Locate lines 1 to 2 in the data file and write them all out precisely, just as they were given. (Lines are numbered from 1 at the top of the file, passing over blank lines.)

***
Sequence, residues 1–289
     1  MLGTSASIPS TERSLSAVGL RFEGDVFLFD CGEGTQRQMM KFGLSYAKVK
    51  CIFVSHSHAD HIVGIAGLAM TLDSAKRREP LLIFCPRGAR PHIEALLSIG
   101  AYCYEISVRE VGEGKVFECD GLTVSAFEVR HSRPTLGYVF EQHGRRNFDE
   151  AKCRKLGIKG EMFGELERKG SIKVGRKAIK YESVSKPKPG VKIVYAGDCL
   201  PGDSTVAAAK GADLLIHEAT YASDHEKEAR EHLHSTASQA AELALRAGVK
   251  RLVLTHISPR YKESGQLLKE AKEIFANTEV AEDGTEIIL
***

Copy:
Sequence, residues 1–289
     1  MLGTSASIPS TERSLSAVGL RFEGDVFLFD CGEGTQRQMM KFGLSYAKVK